Local Government Revenue Anticipation Borrowing
Municipal borrowing limit has been clarified.
Updated March 25, 2020
Municipality's and regional district's fiscal year starts January 1, and they do not collect taxes until July. If they cannot fund operations between January and July from existing cash surplus, they can borrow against their anticipated revenue for the year.
Revenue anticipation borrowing is authorized by bylaw, and a current liability intended to cover current-year operating expenditures included in the local government's five-year financial plan bylaw. Revenue anticipation borrowing is not meant to be used to cover long-term borrowing needs or capital financing.
Limit on Borrowing
The revenue anticipation borrowing amount is not included in the municipal liability service limit calculation, and does not require electoral approval, or approval by the Inspector of Municipalities. However, there is a limit to the amount a local government may borrow to cover operating costs.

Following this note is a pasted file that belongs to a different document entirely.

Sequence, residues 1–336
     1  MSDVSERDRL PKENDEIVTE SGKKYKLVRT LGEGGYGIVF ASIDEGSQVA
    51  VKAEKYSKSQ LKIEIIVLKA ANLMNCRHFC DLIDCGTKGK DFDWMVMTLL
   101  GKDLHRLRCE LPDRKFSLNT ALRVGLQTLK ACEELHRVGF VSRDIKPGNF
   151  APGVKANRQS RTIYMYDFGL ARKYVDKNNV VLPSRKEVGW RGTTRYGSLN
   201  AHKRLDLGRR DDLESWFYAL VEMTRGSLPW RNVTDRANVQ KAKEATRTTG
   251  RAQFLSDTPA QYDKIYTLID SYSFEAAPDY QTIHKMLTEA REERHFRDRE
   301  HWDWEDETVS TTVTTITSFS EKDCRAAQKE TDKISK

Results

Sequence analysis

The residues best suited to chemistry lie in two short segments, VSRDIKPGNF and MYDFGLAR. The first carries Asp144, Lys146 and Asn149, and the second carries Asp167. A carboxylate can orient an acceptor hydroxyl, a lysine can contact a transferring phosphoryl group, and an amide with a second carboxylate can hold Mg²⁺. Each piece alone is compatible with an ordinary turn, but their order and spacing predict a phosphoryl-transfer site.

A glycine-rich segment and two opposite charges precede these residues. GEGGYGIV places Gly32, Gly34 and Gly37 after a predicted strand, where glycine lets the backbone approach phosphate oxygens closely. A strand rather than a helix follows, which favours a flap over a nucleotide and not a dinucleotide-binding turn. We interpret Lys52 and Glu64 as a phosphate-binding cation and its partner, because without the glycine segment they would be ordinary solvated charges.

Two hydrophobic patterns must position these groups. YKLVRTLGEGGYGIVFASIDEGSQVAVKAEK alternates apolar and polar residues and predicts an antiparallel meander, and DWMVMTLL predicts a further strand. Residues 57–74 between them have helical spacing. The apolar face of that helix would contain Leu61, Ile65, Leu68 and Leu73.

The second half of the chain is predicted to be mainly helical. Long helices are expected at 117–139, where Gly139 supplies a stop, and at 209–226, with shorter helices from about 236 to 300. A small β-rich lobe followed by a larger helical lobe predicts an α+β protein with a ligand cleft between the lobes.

Once property taxes and other revenue sources have been collected, the tax revenue or revenue from other governments should be used repay the borrowing.
Regional District Limit
Regional districts may borrow money to meet expenditures before revenue from all sources has been received.
The maximum amount that municipalities may borrow is limited to the amount of unpaid taxes imposed during the current year and any money due from other governments.
If the borrowing takes place before the adoption of the current year tax bylaw, then amount of taxes imposed in the current year is deemed to be 75% of the preceding year's tax levy.
If there is revenue anticipation borrowing outstanding, revenue received from taxes in July must be used first to repay that borrowing.
Money Due from Other Governments
Money due from other governments, such as the B.C. government, can include annual grants such as:
- Small community grants
- Traffic fine revenue sharing
- Grants in lieu of taxes
It does not include major infrastructure grant funding.